One of the first things I noticed, meandering through TEFAF New York Spring, was that the lighting was softer and moodier than at the last art fair I attended, the Armory Show back in March. There, the entire pavilion was flooded with sharp, white light, as if to keep all the salespeople up and alert, or as if the dealers and gallerists feared the power of shadows to potentially bedim the art. Perhaps the best way to describe the lighting at TEFAF is to say that it has “character” — that distinguishing quality that makes each booth feel like an extension of the temperament and concerns of the gallery owner, rather than just another well-appointed corner of the depot for a deposed French monarch’s garage sale.
This is the debut of the TEFAF New York Spring fair. Its progenitor is TEFAF Maastricht, which the New York Times called “Europe’s biggest and most prestigious fair devoted to art, antiques and design.” TEFAF Maastricht weighs heavily toward the work of the European old masters. That focus is in evidence in New York, though it’s been updated to feature the most prominent artists in the mainstream story of the development of modernism, from expressionistic figuration to a kind of culminating abstraction. These artists repeat across the array of 93 exhibitors: Cy Twombly, Alberto Burri, Pablo Picasso (of course), Donald Judd. Even the surrealists like Dalí and Magritte get quite a bit of play (I struggle to understand how Salvador Dalí continues to be interesting to people who have seen modern and contemporary art past their teenage years). Nevertheless, because the fair has that tripartite focus on art, antiques, and design, it actually ends up being more visually welcoming than other fairs, with their unblinking illumination and relentless hard sell. Here, there are pockets of jewelry and furniture, which give my eyes something to look at besides the mostly modernist painting and sculpture. There’s something serene and dignified about the fair, at least on preview day. It feels unhurried. The exhibitors let the game come to them, confident that if potential buyers can be seduced by Twombly, they might also be seduced by Ma Desheng.
I did find some standout pieces among the well-worn modernists, including Burri’s “Bianca Plastica” (1967) at the booth of Mazzoleni Art and Magritte’s “Paysage Marin avec Oiseau” (1961), a painting of clouds in the shape of a bird on a wine bottle, at Keitelman Gallery. When I ran into Jim Dine’s “Summer Tools” (1962) at Richard Gray Gallery, I smiled and almost laughed at the way he cavalierly glued some tools and junk to a large, mostly untreated canvas; it’s macho and silly at the same time. The ever-present mix of indigenous arts and European statuary reminded me that the two do share some similar concerns: what the human figure means and how to depict that meaning. The award for the most indulgent piece I saw easily goes to Manolo Valdés’s “La Moto” (2016/17) at Beck & Eggeling’s booth, which looks like a glossy but cracked sculpture of Micky and Minnie Mouse on a motorbike; it’s ridiculous and owns its ridiculousness. I was surprised to find myself liking the Donald Judd piece “Untitled 78-5” (1978) at Anthony Meier Fine Arts. I don’t usually care for his work, but the object is so pristine, bright, and well placed at TEFAF (with a wall mostly to itself), it does inspire a kind of awe, glistening like some holy grail. My favorite was easily Jean-Michel Basquiat’s “Red Joy” (1984), brought by Galerie Boulakia. The painting that kept unfolding with more meaning as I gave it time to do so.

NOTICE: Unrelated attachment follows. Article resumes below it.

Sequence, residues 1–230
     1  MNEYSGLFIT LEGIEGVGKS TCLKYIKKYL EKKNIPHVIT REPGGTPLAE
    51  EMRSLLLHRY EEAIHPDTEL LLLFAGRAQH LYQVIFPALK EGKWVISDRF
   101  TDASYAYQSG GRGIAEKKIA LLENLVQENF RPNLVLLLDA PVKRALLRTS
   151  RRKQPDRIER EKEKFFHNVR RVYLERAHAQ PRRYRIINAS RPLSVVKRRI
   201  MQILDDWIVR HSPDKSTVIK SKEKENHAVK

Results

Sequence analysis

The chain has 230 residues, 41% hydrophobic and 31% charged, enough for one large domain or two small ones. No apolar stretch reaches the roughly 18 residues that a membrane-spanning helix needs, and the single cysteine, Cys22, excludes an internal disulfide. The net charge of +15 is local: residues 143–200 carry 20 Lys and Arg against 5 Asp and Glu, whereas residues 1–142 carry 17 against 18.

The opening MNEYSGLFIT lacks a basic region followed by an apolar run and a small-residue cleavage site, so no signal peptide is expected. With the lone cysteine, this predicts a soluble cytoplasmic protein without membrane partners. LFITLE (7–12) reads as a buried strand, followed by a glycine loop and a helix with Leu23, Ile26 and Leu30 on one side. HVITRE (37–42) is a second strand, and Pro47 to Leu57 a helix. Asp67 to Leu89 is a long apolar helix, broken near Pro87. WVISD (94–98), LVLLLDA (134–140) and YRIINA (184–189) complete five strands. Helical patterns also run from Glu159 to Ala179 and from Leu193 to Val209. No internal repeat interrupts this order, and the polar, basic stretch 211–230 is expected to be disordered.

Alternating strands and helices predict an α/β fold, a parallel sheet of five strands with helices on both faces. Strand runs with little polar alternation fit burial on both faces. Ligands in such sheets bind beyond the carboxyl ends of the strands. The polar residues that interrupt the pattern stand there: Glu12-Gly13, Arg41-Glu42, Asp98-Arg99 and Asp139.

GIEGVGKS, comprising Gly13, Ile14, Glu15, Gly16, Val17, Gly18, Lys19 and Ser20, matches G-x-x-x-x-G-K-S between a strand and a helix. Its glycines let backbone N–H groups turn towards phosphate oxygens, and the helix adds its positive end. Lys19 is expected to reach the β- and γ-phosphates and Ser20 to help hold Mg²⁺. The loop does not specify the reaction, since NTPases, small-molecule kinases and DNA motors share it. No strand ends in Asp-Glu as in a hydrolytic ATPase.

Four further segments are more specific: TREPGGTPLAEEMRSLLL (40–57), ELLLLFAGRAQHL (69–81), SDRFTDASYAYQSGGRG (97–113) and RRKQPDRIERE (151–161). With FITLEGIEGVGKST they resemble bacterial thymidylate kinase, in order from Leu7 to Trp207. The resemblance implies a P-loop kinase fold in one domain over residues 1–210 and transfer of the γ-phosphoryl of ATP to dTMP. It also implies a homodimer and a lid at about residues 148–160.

Even if you, like me, are quite over the notion of mastery and more interested in finding art that’s surprising in its makeup, there are some works at TEFAF’s New York debut that at least deliver the surprise — in a context of comfortable, old-world aesthetics.
TEFAF New York Spring 2017 continues at the Park Avenue Armory (643 Park Avenue, Upper East Side, Manhattan) through May 8.